Another misconception of mental illness is that those who suffer from it can be blamed for their condition. They tend to be seen as weak, and that they “just need to get over it.” Would someone with cancer be able to “just get over it?” Absolutely not, because it is not in their control, just like mental illness. When you have a crush on someone, it’s the worst feeling in the world when you know they will never feel the same way about you. It would be so much easier to just not like them, but you can’t simply turn off your feelings. Even though they might be causing you emotional frustration, you have to accept how you feel and try not to be angry at yourself for it.

With mental illness, the only things that you can blame are trauma, life experiences, and heredity, not the person going through it, similar to physical illness. No sufferer of any illness can fully control what they are going through, and this is something that society needs to understand. Despite the misconceptions of mental illnesses, like physical illnesses, treatment is available and recovery is possible. With the right kind of therapy, recovery is definitely an option. A few months ago, I faced my mental illness when I was diagnosed with an eating disorder. Shortly after, I entered into a treatment program.

I’m not gonna lie, having to put in that much time and effort really sucked. My illness had so much power over me, and I had no motivation to get better. But when things started to spiral out of control, I decided it was time to turn my life around because I was ultimately the only one who could change things. Was it easy? Absolutely not, but after months of hard work in the recovery process, I can proudly say that I am now discharged from my treatment program. Like many illnesses, my eating disorder will never be fully cured, and it is likely that I will have to face it again someday.

But after getting the help I so desperately needed, I now have the resources and tools to fix it before it can go too far. Many physical illnesses are alike in this way. After recovering from a serious or life-threatening disease, you can start to return to your old self again, but chances are it could come back. You have to continue to work at it everyday, and by doing this you can live a happy and fulfilling life. Anyone with any type of knowledge about an illness knows that treatment is out there and recovery is a possibility, so this awareness can make it easy to see mental and physical illness as one instead of two totally different things. We are very lucky that this similarity is eminent, because it makes sufferers of any illness start to see themselves having a chance at recovery.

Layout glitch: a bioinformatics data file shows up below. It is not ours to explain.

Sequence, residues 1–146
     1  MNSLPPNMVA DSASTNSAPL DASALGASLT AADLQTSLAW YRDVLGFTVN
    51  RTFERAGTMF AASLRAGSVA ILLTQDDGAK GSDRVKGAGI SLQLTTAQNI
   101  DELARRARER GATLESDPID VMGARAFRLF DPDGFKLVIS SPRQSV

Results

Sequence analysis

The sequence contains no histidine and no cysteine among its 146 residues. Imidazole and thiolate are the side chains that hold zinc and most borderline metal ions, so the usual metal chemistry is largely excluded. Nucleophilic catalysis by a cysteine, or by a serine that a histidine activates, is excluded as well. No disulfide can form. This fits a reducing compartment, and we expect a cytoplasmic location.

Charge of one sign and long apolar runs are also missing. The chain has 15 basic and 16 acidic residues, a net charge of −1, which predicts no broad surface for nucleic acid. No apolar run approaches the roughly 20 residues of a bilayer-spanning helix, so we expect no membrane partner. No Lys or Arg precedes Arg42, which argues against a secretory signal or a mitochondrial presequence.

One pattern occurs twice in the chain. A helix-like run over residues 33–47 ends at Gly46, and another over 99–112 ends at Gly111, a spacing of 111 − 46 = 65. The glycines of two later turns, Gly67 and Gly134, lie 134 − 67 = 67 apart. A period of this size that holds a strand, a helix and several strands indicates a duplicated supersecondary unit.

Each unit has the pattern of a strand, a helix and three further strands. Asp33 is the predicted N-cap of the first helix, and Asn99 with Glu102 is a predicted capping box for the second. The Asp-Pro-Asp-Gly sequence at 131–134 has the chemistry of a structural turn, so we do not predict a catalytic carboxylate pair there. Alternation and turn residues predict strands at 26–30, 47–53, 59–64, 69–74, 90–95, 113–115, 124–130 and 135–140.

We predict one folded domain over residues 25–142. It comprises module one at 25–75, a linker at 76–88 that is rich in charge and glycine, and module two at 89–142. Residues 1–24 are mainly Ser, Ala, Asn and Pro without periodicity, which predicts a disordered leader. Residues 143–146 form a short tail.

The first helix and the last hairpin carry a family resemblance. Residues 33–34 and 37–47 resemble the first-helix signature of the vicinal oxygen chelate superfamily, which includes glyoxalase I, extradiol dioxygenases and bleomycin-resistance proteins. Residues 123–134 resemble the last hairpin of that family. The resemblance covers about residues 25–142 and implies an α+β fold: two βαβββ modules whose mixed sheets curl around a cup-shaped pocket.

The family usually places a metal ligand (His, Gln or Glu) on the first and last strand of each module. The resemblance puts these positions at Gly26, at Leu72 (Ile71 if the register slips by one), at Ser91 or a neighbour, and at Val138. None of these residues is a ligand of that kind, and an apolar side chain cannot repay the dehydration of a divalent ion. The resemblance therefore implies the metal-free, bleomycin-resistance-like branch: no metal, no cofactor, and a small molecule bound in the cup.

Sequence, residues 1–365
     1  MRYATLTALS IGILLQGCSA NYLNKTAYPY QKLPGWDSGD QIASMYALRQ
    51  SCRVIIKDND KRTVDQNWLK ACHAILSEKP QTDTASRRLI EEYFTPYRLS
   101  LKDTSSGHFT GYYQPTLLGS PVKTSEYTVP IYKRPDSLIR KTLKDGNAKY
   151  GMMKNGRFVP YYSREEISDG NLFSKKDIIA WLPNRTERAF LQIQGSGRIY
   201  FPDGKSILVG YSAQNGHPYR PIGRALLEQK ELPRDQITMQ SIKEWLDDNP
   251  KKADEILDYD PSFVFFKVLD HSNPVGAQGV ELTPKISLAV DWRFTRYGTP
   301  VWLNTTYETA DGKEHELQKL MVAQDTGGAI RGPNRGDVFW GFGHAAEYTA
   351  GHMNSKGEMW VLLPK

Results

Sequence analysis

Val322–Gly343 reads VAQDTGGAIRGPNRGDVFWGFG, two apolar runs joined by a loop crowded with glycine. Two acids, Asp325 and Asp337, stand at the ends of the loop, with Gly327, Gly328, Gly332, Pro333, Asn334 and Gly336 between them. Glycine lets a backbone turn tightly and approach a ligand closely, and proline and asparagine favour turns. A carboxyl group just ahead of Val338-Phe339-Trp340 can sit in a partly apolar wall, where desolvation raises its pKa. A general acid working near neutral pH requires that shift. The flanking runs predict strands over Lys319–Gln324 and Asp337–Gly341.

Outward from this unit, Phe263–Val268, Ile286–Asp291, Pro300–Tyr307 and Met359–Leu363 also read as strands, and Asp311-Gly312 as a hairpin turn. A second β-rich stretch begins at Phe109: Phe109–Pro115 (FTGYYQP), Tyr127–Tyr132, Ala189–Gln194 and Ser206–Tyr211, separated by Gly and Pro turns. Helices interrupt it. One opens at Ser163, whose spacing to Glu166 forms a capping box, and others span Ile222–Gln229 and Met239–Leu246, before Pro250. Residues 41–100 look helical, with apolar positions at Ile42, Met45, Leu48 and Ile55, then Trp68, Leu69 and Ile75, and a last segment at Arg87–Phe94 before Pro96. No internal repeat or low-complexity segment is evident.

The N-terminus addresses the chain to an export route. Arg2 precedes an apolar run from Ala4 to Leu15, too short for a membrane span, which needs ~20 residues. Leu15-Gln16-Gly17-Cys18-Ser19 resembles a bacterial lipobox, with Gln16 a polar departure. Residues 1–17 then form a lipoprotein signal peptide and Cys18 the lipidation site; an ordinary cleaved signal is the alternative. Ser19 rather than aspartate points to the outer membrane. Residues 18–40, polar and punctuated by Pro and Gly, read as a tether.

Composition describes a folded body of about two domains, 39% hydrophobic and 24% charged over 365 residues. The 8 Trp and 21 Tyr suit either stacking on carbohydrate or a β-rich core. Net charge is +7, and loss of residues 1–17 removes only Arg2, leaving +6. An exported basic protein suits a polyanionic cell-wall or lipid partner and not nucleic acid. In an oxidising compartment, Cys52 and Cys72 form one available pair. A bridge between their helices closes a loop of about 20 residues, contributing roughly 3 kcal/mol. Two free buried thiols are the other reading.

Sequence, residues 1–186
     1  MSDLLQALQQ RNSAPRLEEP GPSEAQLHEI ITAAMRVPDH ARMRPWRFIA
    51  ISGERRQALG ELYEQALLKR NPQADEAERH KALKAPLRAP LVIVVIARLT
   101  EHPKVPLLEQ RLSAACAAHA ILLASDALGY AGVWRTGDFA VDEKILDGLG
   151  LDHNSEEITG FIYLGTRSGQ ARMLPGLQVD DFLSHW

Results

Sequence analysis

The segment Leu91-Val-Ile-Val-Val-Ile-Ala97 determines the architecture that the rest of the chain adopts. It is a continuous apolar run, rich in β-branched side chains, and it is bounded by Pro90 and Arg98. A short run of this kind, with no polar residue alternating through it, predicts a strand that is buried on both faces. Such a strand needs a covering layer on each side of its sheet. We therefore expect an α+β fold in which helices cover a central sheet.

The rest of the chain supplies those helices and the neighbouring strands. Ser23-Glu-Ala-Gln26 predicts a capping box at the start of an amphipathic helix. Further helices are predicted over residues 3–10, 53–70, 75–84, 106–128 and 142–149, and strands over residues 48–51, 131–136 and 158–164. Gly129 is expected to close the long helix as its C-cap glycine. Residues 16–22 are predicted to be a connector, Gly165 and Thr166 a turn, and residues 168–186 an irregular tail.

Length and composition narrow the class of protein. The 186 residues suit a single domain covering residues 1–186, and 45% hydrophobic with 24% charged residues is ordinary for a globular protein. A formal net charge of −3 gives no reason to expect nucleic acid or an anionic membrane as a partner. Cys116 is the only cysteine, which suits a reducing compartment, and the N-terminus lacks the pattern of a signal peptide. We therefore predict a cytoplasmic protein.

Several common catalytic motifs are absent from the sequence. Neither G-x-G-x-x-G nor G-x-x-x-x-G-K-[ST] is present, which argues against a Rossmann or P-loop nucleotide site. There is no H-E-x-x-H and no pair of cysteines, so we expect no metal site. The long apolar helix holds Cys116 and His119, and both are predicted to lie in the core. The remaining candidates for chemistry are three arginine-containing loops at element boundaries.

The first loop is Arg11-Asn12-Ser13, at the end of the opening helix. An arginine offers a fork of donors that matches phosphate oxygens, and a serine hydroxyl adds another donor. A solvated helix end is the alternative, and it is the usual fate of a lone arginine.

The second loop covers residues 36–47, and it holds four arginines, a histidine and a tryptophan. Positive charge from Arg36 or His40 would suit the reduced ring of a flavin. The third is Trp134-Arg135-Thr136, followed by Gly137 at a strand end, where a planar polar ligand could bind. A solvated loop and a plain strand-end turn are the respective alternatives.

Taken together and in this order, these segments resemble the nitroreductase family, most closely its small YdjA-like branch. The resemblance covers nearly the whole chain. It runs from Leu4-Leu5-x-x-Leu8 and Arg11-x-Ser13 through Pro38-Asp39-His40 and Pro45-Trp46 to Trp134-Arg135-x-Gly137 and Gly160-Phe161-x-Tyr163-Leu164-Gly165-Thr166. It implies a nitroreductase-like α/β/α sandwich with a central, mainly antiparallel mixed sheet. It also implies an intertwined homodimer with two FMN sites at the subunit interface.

Our society needs to stop brushing mental illness under the rug and treating it like a phase, because it has the same impact on someone’s life as physical illness. Treating the two more similarly will make those with any type of disorder, limitation, diagnosis or even just a problem regarding their well-being feel like they are not alone and that there are many out there who can relate to them. Is it possible to change the minds of every single person in the world of how they see mental illness in comparison to physical illness? I wish it was, but it never fully will be. There will always be misconceptions about anything that is unclear, especially things that are on the inside. But our job as a whole is to start talking about mental illness more openly, because it is something that no one should ever have to feel ashamed of.

By clarifying the facts from the myths, we are just one step closer to closing the gap between mental and physical illness.